My friend Melanie had purchased a lightly used Eddyline Denali this morning (the one she demoed last week – see the post from 06-23-17) so this was her maiden voyage.  While owning several kayaks in her personal fleet, there was a hole in the touring department that the Denali will fill nicely for our 2- and 3-day trips.  The Denali is made of thermoformed ABS plastic, 15 feet 3 inches long, 24.5 inches wide, has a moderate V-hull, and has a lot of storage space for camping gear.  Melanie’s only worry was being able to get in and out easily, since she is used to a larger cockpit opening.  But she managed without going over at the launch and on the water she seemed to really like the new boat.  And I’m glad since I had recommended the boat to her!  Also as part of the deal Melanie acquired a new all-carbon Werner Kalliste paddle.  Going from fiberglass to carbon taking some getting used to since there is a slightly different feel, but by the end of the paddle she was really enjoying the lower swing weight.

Melanie's new Denali

Melanie’s new Denali and Kalliste at the state park launch

Melanie's new Denali

Melanie’s new Denali, already pimped out with a pinwheel

And as another part of the same deal Melanie purchased a sparkly green Wind Swift paddle for our friend Erin who had been looking for a good paddle.

Erin's new Wind Swift paddle

Erin’s new Wind Swift paddle

While the two of them were playing with their new toys I was looking for wildlife.  Nothing unusual on this paddle, just the normal things seen on the Silver River minus the monkeys who did not put in an appearance on this trip.  But I was able to get a couple of good shots of a Great Blue Heron (Ardea alba) stalking along the river bank.

Great Blue Heron

Great Blue Heron

Great Blue Heron

Great Blue Heron

Great Blue Heron

Great Blue Heron

And I was able to find several sets of Mamma Wood Ducks (Aix Sponsa) with their little ones.

Mamma Wood Ducks and babies

Mamma Wood Ducks and babies

Mamma Wood Duck and babies

Mamma Wood Duck and babies

Mamma Wood Duck and babies

Mamma Wood Duck and babies

As well as a little gator peeking at me from the weeds.

A little gator peeking at me from the weeds

A little gator – about 4 feet

and a beautiful immature Little Blue Heron, almost into her adult slate-blue plumage.

Immature Little Blue Heron

Immature Little Blue Heron

A colorful display of Pickerelweed (Pontederia cordata) and Cardinal Flower (Lobelia cardinalis)

Pickerelweed and Cardinal Flower display

Pickerelweed and Cardinal Flower display

 

 

A still life with spring and cypress

Spring vent and cypress

Lovely spring vent and cypress about half way down the river

And a couple of pics of us cruising down the beautiful Silver River

Cruising down the Silver

Another shot of the Denali in her native habitat

Enjoying the quiet beauty of the Silver River

Enjoying the quiet beauty of the Silver River

 

 

Silver River – June 23, 2017

If there is anything I like more than getting a new piece of kayaking gear it is helping a friend get new stuff.  A couple of months ago a padding buddy told me he wanted to sell his Eddyline Denali because he had ordered himself a new boat that was due to be delivered in July.  I knew the Denali would be a little high volume for me (and besides I can’t justify having two 15-foot touring kayaks in my personal fleet) but I immediately thought that it would be a great boat for my friend Melanie who enjoys doing kayaking camping as much as I do.  After a couple of other folks had demoed the boat but had not made the owner an offer I finally got Melanie to set up a demo for this morning at Ray Wayside.  We took our boats along to do a little paddle up the Silver after the demo.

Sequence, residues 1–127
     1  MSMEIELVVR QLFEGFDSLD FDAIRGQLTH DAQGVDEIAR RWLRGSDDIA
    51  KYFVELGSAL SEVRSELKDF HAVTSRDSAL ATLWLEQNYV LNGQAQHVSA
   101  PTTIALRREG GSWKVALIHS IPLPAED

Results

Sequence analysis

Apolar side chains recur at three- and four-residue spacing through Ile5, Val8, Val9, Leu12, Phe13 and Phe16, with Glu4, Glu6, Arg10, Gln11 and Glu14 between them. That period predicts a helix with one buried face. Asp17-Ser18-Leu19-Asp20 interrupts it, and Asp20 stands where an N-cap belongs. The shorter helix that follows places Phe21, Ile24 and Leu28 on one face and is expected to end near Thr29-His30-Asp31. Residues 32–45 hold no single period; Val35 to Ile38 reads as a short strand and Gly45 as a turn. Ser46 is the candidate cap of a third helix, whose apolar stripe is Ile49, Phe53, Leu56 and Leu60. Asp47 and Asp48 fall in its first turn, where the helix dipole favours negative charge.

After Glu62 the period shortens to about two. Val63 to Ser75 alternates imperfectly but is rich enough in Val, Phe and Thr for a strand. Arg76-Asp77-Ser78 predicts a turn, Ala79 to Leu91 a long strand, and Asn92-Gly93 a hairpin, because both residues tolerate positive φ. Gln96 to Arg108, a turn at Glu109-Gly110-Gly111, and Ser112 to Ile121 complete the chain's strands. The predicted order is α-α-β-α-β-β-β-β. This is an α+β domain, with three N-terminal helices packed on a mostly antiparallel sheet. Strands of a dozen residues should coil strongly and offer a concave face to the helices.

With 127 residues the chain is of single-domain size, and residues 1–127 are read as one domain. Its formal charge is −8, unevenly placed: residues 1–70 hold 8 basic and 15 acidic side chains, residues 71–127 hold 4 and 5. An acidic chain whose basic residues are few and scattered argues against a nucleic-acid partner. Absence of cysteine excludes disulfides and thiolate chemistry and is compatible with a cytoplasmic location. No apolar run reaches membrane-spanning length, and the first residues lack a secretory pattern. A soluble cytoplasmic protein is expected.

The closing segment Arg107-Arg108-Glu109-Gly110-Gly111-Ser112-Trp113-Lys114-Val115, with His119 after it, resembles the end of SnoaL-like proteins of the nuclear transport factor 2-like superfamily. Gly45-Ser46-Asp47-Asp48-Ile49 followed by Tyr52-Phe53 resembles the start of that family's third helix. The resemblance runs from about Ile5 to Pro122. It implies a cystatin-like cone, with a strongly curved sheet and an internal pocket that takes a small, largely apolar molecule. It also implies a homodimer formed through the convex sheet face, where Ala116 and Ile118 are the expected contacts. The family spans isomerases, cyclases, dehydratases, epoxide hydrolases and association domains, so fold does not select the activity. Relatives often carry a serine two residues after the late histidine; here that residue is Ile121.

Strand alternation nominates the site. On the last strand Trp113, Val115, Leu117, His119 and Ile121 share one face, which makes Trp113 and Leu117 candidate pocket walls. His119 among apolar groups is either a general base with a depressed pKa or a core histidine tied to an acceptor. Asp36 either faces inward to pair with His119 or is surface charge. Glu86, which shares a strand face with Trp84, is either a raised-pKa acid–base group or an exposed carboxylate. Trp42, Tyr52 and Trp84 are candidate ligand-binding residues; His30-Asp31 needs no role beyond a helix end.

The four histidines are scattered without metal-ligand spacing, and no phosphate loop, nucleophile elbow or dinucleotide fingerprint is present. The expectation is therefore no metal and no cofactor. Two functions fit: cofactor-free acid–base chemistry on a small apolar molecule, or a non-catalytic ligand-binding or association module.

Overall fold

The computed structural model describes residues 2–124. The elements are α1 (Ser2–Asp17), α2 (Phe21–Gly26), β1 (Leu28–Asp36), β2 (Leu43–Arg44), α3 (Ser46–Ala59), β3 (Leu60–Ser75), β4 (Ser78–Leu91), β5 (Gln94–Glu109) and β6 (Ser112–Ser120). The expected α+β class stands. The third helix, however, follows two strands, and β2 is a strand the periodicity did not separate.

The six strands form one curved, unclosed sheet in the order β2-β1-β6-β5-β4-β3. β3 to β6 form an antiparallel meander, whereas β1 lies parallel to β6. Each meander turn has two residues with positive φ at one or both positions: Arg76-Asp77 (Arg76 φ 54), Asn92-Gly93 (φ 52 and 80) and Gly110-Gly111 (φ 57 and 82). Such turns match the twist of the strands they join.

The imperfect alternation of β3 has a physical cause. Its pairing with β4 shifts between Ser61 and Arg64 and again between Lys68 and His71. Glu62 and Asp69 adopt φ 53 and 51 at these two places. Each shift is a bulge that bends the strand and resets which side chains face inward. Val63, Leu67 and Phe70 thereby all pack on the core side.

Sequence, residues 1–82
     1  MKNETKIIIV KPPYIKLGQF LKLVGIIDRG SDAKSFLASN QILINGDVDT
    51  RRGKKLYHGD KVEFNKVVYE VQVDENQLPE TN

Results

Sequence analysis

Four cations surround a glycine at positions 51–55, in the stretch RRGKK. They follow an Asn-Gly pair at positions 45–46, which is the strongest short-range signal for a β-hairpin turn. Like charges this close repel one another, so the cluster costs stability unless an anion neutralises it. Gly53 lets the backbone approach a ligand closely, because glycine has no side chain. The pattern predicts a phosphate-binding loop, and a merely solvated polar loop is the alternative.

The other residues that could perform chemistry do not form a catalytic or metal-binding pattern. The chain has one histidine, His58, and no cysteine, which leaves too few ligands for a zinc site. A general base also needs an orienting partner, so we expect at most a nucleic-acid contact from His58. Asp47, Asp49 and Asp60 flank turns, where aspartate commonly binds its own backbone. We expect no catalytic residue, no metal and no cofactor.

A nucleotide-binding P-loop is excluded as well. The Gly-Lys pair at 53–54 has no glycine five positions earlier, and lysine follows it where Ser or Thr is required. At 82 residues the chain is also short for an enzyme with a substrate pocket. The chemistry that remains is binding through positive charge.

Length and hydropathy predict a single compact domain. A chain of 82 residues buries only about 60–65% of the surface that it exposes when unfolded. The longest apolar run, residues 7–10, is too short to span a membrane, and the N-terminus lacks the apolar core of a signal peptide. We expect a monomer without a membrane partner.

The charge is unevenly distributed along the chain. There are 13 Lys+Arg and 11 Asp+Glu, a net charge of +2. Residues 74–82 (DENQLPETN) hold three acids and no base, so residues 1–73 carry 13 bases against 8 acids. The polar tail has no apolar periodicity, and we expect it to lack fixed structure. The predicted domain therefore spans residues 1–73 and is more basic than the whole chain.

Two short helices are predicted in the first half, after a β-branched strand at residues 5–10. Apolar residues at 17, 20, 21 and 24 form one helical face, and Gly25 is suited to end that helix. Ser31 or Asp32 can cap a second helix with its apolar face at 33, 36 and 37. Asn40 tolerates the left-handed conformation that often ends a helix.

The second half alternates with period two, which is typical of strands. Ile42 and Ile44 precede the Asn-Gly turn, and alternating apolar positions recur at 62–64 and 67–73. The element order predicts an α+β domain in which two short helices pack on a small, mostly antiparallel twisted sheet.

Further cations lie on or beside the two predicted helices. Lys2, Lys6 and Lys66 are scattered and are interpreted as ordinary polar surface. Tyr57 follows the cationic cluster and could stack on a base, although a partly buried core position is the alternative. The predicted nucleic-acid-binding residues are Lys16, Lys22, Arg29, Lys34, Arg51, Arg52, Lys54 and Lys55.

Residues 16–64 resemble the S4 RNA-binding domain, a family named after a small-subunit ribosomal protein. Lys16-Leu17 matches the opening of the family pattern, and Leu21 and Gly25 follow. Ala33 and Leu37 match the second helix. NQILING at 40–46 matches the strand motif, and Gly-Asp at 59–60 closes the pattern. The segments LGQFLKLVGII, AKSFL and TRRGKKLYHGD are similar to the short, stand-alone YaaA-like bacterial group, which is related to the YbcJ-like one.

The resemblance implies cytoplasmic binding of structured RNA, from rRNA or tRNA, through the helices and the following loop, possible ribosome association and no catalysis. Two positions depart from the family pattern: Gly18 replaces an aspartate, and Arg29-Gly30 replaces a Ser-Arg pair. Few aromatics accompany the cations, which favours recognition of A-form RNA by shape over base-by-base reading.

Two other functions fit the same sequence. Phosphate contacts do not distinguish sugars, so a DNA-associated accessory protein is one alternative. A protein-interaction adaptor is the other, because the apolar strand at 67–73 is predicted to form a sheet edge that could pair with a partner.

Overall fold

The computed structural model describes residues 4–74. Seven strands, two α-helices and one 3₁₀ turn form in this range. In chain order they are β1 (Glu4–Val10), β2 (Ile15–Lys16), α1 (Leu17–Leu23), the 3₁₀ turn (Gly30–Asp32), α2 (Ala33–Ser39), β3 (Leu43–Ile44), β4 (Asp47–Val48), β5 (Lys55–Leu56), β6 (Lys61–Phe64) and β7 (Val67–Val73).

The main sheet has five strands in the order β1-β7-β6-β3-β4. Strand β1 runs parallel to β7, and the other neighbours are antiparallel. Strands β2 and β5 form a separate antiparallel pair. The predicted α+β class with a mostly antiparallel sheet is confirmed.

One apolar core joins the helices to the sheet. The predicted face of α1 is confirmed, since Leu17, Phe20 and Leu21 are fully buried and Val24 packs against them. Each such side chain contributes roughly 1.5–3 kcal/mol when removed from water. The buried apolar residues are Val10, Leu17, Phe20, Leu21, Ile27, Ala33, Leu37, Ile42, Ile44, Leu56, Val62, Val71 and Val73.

We met up with Al at Ray Wayside and got Melanie in the boat.  The cockpit is smaller than she is used to so she had some trepidation about getting in and out, but after paddling it around the lagoon and up and back on the canal I could tell she liked the boat / the fit, how well it tracked and turned, the day hatch and storage space, using the skeg, etc.

Melanie trying out the Denali at Ray Wayside

Melanie trying out the Denali at Ray Wayside

All smiles as she returns to the landing.  I think she likes it!

All smiles as she returns to the landing. I think she likes it!

She came back from the paddle and they started wheeling and dealing on the price.  Al also had two paddles he wanted to get rid of, a Werner Kalliste and a Wind Swift.  While they dickered I unloaded our boats and got them ready for our paddle.  By the time I returned it was settled – the boat and 2 paddles, the Kalliste for Melanie and the Wind Swift for another member of the 5-Star Yak Pak who was looking for a good paddle.  Melanie gave Al a deposit and we’ll pick all of them up next week and take the Denali on her maiden voyage.

We loaded up our kayaks and started upstream on the Silver.  We only paddled a couple of miles, took a dip in the cool water in the cove while talking to a couple of guys in a pontoon boat anchored there, and then we coasted back down.  Not much bird life in the middle of the day but I got some flower pics in red, white and (almost) blue for the upcoming holiday.   And Melanie took a picture of me with my Dulcinea pimped out with a new pinwheel, also in red, white and blue.

RED - Swamp Scarlet Hibiscus (Hibiscus coccineus)

RED – Swamp Scarlet Hibiscus (Hibiscus coccineus)

String Lily - also called Swamp Lily (Crinum americanum)

WHITE – String Lily – also called Swamp Lily (Crinum americanum)

Closeup of Pickerelweed (Pontederia cordata)

BLUE (ALMOST) – Closeup of Pickerelweed (Pontederia cordata)

My Dulcinea pimped out for the upcoming holiday

My “Dulcinea” pimped out for the upcoming holiday

Little gator in the weeds

Little gator in the weeds

Wood Duck pair (Aix sponsa)

Wood Duck pair (Aix sponsa)